Is a brain injury really invisible? Depends on who you ask.
You know how people sometimes refer to traumatic brain injury as a silent epidemic? And you could say disabilities from brain injury are invisible. No one can actually see your brain in action in everyday life. For those of us living with effects from brain injury in ourselves or someone close, we know it’s not so invisible or silent. Spend one day in my house, and you’ll observe me working from three calendars that don’t match and going up and down the stairs trying to figure out what I was looking for (a nap). It’s pretty visible. But sure, I try to hide some things in public because people make fun of me and my newer quirks.
Many of my peers wish they had something visible like a wheelchair so others would know to be accommodating. But no one manufactures outside-the-head brain wheelchairs. So we move forward knowing that people can’t see what’s really up when we struggle. Sometimes, they don’t even believe we did something ourselves when we succeed. Places like support groups and even this blog help us find a place to really talk about what’s going on with other people who can relate directly. We meet each other and see how there really are a lot of us. We also share different ways to have self-pride, advocate for ourselves, and talk openly about our wants and needs. These things help make invisible struggles more understandable to others.
Who are those survivors? We’re not all alike.
Brain injury stories are showing up a lot in the news, movies, and documentaries. But a lot of people still don’t see someone like themselves in the media because many of the stories focus on veterans, athletes, and very often, white, middle class brain injury survivors. When one of us doesn’t fit what’s shown in the media, it can sometimes be even harder to be understood. It’s odd because we widely recognize that people without brain injury are individuals. Somehow when disability is in the picture, we get lumped into one monochromatic blob. That makes it hard to distinguish us from each other or provide appropriate support and accommodations to each person. If you don’t look or act just like people with brain injuries in the movies, it’s frequent that someone will call you out on that. I’m not sure why, but it’s very real.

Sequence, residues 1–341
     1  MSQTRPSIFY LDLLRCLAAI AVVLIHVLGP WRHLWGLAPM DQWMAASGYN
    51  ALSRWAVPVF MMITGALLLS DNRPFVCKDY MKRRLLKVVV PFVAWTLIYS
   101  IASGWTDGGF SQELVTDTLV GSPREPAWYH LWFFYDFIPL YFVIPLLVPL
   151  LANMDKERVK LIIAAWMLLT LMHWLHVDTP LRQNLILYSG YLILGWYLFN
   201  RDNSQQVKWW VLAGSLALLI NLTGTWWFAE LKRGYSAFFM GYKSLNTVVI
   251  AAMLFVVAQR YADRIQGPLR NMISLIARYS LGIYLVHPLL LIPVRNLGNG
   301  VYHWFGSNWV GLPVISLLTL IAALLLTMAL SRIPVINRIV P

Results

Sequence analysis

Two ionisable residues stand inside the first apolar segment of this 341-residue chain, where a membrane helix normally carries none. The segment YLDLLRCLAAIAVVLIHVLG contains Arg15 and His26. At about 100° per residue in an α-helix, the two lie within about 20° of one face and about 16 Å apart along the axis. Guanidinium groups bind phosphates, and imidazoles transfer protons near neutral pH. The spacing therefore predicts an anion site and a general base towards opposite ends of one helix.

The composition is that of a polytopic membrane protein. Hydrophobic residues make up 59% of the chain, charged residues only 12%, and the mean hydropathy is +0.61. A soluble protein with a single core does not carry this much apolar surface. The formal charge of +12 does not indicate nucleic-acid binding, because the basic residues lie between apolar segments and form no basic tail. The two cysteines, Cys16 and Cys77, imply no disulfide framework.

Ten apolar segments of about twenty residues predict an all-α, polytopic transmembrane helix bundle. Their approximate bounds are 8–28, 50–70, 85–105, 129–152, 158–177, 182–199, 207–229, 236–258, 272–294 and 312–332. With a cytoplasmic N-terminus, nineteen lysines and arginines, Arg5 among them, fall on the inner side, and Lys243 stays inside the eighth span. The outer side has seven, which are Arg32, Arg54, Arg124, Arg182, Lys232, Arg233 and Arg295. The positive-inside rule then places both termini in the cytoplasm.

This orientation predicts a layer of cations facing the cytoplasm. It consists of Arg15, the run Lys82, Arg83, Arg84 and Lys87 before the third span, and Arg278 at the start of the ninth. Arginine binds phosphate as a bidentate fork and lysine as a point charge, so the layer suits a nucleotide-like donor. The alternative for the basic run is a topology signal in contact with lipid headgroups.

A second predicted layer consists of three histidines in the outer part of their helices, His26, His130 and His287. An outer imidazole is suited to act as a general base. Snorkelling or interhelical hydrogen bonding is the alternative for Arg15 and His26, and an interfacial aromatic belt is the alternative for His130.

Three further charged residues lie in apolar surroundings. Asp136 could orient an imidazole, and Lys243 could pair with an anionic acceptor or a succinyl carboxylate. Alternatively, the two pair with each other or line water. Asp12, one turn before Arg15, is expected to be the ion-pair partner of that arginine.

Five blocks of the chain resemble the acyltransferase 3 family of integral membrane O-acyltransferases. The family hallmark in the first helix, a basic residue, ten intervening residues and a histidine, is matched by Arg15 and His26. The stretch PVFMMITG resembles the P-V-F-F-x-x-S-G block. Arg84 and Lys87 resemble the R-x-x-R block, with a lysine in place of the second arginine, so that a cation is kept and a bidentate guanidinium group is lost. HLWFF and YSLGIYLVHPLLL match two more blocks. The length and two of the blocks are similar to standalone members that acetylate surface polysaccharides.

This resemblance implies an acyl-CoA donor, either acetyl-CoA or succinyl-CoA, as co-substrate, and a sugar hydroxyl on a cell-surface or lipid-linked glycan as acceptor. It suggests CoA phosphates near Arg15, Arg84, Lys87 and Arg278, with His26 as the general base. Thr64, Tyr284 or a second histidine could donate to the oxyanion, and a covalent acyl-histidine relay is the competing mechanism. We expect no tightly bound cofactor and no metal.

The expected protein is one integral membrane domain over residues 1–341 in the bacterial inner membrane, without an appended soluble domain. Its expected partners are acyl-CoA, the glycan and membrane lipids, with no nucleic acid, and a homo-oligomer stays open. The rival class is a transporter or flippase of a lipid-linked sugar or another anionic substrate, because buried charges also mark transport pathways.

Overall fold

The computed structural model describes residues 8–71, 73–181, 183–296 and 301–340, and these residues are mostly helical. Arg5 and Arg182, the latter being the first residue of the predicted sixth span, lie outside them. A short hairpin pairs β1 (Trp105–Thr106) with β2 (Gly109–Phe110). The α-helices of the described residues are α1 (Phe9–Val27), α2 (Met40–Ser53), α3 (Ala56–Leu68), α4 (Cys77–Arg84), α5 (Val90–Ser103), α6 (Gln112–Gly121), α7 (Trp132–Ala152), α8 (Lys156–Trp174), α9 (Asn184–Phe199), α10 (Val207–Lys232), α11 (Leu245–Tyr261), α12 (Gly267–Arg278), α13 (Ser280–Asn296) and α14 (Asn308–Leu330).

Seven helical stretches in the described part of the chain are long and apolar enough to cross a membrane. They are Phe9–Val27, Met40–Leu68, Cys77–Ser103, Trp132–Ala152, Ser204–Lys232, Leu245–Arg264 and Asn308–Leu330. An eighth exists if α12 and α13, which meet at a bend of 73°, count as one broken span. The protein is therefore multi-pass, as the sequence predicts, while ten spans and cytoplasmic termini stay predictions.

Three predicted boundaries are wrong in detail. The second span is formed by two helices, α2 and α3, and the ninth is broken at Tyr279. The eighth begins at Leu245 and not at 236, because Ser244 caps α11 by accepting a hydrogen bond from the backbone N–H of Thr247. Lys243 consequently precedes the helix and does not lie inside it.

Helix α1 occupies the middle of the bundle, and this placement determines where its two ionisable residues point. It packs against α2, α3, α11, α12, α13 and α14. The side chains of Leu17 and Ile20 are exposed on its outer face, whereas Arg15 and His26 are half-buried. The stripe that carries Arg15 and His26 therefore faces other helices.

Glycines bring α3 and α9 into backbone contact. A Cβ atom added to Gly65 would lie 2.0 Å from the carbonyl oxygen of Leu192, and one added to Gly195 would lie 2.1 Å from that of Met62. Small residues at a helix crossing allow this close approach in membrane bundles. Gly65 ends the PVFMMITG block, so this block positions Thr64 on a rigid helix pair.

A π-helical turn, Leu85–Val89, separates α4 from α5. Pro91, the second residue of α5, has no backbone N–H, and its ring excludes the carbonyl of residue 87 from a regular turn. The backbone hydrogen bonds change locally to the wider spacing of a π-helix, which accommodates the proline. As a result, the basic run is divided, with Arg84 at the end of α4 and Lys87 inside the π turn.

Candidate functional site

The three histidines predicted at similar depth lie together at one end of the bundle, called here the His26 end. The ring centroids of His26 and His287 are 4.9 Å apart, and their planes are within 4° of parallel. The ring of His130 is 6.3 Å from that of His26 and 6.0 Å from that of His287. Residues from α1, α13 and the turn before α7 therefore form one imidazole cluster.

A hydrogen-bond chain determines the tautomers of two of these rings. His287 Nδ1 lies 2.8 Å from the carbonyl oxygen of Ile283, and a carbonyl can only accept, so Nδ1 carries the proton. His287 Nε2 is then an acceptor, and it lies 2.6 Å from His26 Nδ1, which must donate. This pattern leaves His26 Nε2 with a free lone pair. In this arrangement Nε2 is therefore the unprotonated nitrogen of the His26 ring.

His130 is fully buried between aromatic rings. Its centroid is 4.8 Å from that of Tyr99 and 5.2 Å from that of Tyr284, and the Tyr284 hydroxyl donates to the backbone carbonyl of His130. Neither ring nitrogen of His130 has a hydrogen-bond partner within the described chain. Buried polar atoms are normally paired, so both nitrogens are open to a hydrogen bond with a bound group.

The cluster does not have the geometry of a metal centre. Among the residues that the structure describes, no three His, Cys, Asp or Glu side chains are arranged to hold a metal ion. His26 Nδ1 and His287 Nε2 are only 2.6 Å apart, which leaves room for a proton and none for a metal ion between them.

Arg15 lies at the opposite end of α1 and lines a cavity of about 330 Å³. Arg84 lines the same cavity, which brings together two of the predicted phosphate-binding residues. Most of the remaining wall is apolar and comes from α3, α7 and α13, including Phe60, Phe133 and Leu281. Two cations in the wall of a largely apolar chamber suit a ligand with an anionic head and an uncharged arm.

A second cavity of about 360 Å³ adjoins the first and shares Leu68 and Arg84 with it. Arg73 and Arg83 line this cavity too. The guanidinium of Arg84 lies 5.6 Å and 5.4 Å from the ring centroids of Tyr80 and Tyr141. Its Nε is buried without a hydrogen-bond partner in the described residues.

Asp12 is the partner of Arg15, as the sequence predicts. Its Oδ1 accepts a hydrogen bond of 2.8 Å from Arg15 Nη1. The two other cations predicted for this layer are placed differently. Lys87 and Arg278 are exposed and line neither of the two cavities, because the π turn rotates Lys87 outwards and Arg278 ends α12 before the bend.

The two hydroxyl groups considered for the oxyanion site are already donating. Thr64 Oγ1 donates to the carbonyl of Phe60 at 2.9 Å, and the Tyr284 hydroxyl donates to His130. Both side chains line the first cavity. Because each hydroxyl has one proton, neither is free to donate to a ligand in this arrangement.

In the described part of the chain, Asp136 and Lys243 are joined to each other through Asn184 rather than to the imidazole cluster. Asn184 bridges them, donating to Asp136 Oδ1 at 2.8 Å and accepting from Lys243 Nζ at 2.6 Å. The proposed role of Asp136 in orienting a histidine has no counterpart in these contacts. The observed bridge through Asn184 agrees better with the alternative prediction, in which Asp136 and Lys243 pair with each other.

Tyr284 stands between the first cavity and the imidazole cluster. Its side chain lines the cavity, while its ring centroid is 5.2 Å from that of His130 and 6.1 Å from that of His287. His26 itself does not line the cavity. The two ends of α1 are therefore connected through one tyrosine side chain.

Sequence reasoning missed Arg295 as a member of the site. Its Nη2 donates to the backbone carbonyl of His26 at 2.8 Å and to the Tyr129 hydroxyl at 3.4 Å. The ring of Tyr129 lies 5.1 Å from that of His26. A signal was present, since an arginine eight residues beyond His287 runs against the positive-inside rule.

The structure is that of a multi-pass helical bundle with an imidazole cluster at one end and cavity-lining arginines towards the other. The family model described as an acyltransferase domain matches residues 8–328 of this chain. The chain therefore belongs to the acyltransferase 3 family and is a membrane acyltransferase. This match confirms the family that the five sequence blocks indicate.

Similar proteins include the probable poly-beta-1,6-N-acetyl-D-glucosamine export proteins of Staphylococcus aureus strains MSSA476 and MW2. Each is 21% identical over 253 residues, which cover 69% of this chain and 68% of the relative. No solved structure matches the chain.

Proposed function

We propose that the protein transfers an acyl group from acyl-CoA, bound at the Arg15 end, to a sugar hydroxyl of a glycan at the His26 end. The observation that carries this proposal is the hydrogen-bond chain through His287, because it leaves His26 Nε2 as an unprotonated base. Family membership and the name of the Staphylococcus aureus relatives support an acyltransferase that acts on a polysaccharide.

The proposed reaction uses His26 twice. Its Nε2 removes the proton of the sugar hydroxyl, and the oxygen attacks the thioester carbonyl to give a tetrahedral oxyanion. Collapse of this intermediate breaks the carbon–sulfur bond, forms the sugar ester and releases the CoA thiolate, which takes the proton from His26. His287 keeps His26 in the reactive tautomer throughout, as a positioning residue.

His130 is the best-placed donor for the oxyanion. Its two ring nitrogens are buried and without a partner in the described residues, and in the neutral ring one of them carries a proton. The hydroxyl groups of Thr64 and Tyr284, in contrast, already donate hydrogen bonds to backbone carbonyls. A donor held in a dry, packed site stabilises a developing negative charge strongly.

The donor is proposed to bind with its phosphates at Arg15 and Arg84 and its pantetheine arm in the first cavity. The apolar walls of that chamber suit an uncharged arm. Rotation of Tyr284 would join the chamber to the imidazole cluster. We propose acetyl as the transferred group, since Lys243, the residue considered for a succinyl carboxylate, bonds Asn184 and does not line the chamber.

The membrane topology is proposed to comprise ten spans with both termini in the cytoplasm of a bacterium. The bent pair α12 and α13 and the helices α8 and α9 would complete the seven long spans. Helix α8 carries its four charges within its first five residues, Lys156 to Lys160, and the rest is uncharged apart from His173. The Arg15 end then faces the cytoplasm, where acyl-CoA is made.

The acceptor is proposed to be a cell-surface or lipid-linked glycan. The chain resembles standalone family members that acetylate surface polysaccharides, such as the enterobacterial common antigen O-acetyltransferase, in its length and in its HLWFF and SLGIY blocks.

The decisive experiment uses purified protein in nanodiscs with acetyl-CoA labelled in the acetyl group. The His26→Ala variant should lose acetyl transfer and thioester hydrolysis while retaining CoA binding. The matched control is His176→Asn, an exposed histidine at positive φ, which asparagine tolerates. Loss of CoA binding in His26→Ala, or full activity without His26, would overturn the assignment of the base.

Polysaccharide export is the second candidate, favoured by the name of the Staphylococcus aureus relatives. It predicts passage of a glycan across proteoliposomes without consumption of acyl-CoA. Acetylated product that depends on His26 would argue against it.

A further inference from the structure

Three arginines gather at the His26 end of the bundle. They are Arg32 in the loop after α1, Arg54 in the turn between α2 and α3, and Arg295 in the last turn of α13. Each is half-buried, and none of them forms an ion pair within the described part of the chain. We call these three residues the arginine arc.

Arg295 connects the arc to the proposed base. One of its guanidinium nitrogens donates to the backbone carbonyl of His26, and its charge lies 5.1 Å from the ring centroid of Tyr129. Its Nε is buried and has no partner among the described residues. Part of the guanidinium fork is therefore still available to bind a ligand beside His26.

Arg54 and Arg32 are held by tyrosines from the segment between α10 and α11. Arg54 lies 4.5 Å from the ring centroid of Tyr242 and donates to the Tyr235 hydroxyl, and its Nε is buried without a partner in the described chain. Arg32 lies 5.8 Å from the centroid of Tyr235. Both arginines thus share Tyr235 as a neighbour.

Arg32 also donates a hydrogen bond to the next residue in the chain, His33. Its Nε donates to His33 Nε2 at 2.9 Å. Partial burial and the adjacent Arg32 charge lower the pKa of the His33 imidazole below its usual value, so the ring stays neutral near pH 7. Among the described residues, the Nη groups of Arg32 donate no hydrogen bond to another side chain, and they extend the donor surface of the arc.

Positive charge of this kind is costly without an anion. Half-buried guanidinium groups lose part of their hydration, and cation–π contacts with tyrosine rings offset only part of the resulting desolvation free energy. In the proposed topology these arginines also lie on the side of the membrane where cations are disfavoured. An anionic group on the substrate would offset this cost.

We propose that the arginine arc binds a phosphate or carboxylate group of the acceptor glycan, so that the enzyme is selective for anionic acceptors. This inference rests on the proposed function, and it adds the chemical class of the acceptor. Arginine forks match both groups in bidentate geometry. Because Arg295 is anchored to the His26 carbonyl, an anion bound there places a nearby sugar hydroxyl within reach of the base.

Disability Visibility Project
Longtime disability researcher and activist Alice Wong recently developed the Disability Visibility Project, which sounds like just what we need about now! It’s one more way for us to represent ourselves in the media. The project has teamed up with StoryCorps San Francisco to create a storytelling archive of stories from people with disabilities.
A little background: StoryCorps is an independent nonprofit. They provide people of all backgrounds and beliefs with the opportunity to record, share, and preserve the stories of our lives. StoryCorps partners with the American Folklife Center at the Library of Congress. They also partner with National Public Radio, which broadcasts with them every Friday on Morning Edition. The Americans with Disabilities Act was passed in 1990. So this project was developed to gather up as many stories as possible from people with disabilities just in time for the 25th anniversary in 2015.
From July 2014 to July 2015, anyone going to one of StoryCorps’ three locations (and their mobile tour) can contribute their oral history. Having these stories recorded and available to the public will preserve disability history, making them accessible to all.
Alice Wong is careful to mention that the use of the word “Visibility” in the project name is metaphorical. It is not meant to privilege one sensory experience over others.
Please visit www.disabilityvisibilityproject.com to find out more. If you are in Chicago, San Francisco, or Atlanta, you can go to a StoryCorps recording studio. If you are anywhere else in the U.S., go to www.storycorps.org/mobile-tour to find out when the mobile recording studio will be in your area. Make a reservation online!
We are not invisible, and we are not silent. But the reason we are not in the media as ourselves is that sometimes we are hidden away or silenced. It’s our right and obligation to step up and share our stories so that people can really get to know who we are and how we contribute to a vibrant, rich society.